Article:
James Morrison doesn't fill up at the gas pump any more. Instead, when the 37-year-old software programmer from Issaquah, Wash., needs more juice for the Vectrix electric scooter he bought in July, he rolls up to the nearest power outlet, uncoils the 8-ft. cable stowed under his seat and plugs in. "Once you start looking, you find plugs everywhere," says Morrison, who charges his two-wheeler at parking garages, outside Starbucks stores and even in gas-station parking lots.
Electric scooters are a booming business in China and India, where some 13 million sell annually. But their relatively slow speed and high price have stalled interest in developed countries. Vectrix, a start-up in Middletown, R.I., wants to break that barrier and got help when gas hit $4 a gallon this summer. But for alternative-energy vehicles, the breakthrough will come from striking the right balance between performance and affordability, a balance the company hasn't yet found. "Changing the way people make decisions on a day-to-day level for transportation is a daunting task," says Vectrix ceo Mike Boyle.
Conceived in 1996 by a group of engineers at Lockheed Martin and a former competitive sailor named Andrew McGowan, Vectrix spent 11 years and more than $50 million bringing its first product, the V1, to market in 2007. The original business plan was to develop the technology and then sell it to an existing scooter company like Piaggio, says Vectrix chief technology officer Peter Hughes. There were no takers. "They didn't have the vision. So we decided to manufacture it ourselves," he says.
Unlike the putt-putt scooters sold in Asia, which often max out at 30 m.p.h. (48 km/h), Vectrix has to meet the demands of speed-obsessed Americans. Styled like a motorcycle, the V1 goes from 0 to 50 m.p.h. in 6.8 sec., has a maximum speed of 62 m.p.h. and travels up to 65 miles between charges. It's also the only electric scooter that is legal to drive on the freeway in the U.S. and Europe. Weighing in at 500 lb. (200 of which come from its massive nickel metal hydride batteries), the $8,750 aluminum-frame bike even has regenerative braking, which uses the energy absorbed by braking to recharge the batteries. That's the same technology used in hybrid cars like the Toyota Prius.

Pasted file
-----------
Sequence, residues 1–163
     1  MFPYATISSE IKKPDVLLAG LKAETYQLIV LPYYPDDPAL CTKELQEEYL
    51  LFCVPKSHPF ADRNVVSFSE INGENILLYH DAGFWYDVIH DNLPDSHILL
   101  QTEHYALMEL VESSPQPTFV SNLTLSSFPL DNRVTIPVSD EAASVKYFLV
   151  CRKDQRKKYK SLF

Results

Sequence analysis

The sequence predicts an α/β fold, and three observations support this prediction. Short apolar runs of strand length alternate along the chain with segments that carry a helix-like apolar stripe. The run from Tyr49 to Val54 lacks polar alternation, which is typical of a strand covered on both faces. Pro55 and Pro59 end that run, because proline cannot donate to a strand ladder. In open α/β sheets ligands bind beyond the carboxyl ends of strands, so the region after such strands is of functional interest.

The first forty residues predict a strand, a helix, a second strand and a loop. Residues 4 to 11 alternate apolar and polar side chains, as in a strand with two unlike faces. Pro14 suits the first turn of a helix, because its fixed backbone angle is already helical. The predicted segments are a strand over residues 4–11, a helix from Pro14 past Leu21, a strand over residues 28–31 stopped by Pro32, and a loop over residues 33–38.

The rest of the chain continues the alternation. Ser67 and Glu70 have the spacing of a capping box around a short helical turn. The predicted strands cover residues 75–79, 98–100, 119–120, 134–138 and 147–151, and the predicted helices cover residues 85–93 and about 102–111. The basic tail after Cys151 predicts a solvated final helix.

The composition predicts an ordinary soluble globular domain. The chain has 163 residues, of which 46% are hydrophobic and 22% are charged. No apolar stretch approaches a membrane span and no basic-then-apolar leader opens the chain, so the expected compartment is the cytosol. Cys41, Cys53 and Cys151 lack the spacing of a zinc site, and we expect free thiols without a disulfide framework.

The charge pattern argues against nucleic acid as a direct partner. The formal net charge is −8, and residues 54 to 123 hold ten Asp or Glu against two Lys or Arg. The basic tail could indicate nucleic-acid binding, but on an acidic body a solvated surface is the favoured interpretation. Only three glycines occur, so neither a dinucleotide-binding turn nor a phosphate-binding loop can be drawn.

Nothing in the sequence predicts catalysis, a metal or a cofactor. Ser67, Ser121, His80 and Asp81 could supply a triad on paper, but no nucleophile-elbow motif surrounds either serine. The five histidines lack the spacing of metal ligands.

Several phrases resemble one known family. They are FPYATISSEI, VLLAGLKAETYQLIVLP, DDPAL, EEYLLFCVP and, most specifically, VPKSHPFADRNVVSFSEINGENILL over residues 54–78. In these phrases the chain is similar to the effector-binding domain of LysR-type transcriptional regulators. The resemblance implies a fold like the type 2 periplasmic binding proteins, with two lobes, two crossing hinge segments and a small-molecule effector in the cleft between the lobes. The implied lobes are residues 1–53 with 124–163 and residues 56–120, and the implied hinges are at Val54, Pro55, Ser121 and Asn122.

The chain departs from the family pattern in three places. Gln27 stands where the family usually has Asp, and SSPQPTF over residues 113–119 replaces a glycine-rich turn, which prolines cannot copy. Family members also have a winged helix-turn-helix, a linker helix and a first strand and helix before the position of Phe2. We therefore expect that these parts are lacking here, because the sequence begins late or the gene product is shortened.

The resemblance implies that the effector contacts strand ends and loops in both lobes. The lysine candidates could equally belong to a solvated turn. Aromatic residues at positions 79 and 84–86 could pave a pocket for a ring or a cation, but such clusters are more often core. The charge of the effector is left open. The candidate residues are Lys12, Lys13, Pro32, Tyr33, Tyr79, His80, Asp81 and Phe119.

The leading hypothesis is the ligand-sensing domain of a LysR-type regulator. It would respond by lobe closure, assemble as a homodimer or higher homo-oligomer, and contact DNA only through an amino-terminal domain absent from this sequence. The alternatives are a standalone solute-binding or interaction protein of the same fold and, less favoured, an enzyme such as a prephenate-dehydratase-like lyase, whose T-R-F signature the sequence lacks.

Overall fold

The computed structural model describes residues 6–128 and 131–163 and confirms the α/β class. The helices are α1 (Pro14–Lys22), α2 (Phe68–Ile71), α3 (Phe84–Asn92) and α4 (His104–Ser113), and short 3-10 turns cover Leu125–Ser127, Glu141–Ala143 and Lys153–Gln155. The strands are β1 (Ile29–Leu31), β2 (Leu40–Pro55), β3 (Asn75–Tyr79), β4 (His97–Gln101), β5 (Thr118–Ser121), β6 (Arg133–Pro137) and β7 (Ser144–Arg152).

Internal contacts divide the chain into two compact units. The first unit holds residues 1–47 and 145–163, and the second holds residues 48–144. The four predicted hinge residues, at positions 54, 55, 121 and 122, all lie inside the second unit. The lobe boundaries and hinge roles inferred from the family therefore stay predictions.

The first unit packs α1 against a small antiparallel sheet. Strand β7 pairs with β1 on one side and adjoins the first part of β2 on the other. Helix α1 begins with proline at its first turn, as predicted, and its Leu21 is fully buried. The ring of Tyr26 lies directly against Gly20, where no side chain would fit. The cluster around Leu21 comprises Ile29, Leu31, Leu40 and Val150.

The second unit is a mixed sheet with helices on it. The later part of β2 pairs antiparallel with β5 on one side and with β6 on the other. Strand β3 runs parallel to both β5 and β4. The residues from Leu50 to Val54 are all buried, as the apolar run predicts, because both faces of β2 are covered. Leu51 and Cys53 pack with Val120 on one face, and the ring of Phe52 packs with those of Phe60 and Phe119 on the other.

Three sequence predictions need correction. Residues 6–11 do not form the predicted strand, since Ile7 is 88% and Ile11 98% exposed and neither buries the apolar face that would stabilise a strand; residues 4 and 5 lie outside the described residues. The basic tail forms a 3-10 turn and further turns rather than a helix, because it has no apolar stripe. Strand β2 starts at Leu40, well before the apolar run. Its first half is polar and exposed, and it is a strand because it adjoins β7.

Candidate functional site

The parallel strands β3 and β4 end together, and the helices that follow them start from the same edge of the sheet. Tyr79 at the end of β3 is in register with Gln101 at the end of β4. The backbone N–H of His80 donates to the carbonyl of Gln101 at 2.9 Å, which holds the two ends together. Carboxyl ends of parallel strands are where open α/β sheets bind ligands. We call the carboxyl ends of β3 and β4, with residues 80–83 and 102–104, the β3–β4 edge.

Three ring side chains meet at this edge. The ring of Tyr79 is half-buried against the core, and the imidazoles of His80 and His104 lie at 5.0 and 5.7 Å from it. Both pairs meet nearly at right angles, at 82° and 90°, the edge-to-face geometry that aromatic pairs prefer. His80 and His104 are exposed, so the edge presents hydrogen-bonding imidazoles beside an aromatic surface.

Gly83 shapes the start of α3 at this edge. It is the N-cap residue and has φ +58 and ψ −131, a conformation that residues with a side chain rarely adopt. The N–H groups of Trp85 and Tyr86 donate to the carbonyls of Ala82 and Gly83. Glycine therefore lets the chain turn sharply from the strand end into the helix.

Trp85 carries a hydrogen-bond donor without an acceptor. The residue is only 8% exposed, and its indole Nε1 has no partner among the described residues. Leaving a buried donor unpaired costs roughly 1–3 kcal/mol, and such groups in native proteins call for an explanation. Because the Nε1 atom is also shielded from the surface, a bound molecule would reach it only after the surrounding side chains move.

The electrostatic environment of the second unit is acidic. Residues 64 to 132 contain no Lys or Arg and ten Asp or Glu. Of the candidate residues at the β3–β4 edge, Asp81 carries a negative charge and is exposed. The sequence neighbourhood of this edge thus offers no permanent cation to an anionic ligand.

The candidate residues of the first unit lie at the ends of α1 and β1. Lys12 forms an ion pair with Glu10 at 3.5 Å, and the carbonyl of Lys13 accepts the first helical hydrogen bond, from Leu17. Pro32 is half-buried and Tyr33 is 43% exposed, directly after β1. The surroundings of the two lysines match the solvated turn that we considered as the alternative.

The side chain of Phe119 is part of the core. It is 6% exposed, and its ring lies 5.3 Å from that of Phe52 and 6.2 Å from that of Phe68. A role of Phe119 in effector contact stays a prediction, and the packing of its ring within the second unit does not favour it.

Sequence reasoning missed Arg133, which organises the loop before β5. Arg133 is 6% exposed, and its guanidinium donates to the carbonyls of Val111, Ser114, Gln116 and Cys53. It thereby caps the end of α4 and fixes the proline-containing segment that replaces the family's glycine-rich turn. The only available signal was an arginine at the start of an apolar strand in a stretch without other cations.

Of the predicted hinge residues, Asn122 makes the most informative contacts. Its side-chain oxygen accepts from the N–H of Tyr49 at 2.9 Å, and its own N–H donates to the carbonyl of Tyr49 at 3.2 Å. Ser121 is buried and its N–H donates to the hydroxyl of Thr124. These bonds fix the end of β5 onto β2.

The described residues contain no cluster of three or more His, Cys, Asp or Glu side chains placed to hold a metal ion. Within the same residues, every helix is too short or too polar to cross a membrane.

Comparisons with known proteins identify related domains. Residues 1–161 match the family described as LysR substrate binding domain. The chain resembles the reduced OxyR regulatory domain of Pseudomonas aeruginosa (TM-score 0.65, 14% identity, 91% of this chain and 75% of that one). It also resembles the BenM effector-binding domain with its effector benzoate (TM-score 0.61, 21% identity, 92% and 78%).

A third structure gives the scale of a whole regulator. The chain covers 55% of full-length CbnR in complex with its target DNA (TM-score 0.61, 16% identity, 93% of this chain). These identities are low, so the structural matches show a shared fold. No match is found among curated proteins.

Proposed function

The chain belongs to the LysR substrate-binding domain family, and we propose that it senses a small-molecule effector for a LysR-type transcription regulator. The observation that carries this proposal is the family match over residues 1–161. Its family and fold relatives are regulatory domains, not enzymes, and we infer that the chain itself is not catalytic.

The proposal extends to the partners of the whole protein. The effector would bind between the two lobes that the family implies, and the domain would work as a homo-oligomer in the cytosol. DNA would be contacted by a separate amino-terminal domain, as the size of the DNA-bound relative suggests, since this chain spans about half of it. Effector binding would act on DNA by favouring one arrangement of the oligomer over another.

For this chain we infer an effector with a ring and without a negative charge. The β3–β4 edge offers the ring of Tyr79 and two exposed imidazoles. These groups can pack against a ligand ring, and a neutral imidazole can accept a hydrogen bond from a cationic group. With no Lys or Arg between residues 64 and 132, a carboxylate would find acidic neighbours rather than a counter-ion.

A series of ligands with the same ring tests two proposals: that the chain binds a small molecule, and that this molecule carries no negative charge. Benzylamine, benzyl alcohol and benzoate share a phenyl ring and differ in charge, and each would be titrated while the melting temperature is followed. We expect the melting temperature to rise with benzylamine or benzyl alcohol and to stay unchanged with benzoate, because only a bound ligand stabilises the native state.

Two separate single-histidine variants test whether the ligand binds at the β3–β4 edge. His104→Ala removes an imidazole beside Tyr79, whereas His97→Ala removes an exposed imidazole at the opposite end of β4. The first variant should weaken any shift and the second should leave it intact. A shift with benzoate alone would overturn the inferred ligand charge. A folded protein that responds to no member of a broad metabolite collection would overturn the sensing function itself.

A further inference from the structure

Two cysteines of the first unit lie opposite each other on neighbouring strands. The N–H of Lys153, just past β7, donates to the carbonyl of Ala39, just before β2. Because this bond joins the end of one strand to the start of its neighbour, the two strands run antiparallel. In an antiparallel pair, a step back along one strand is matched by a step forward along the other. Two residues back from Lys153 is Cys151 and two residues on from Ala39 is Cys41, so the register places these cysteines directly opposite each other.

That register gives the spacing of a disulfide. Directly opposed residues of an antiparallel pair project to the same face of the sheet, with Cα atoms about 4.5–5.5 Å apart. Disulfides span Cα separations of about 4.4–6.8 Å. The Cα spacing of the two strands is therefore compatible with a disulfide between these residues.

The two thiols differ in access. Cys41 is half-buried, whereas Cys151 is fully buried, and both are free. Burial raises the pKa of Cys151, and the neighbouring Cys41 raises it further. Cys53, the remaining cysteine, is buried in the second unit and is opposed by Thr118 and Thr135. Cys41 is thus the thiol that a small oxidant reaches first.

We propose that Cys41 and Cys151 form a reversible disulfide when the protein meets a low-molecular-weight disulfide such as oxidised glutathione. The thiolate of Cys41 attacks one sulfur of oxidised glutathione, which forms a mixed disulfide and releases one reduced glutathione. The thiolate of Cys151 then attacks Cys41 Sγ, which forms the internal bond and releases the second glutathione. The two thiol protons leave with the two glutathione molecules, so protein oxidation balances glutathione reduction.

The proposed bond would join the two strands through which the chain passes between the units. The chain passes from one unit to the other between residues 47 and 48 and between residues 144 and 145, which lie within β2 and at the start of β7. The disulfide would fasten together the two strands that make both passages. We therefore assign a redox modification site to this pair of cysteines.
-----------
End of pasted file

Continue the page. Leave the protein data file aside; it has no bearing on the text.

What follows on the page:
The V1's acceleration is nearly as fast as an entry-level Suzuki or Yamaha, but few people have had a chance to experience it firsthand. Only about 1,000 V1s have sold so far, including a few to police departments in Providence, R.I., and New York City that were looking to boost their green street cred. Jay Leno, Leonardo DiCaprio and Jeremy Piven all have one too. ceo Boyle blames the meager sales on a flawed distribution strategy that relied on company-owned stores in just three cities (two of them in Italy). The high cost is a more obvious drawback. The V1 is fun to ride, but it's no Tesla. "They are pricing themselves out of the market," says analyst Matt Camp of Power Products International, who notes that a comparable 500-CC gas scooter sells for just $3,000.
To help steer Vectrix out of the red it lost $26 million in the six months ending March 31, against sales of just $1.9 million Boyle dropped the $11,000 asking price by $2,250 in July, laid off half his 300-person staff and added more than 100 dealers in the U.S. and Europe. A cheaper, better battery could also reduce costs. Next year Vectrix plans to introduce lower-priced models that are more closely aligned with competitors like the Zapino, from Zap in Santa Rosa, Calif., and the lithium-ion-powered X-Treme XM, from Alpha Products in Newton, Iowa. Both sell for less than $5,000.
That should help boost sales. Vectrix is also angling for the same incentives that helped spur the scooter industry abroad and hybrid cars in the U.S., such as tax credits and access to carpool lanes. Until then, only early adopters like Morrison will know what it's like to have people stop, stare and ask, "Where's the tailpipe?"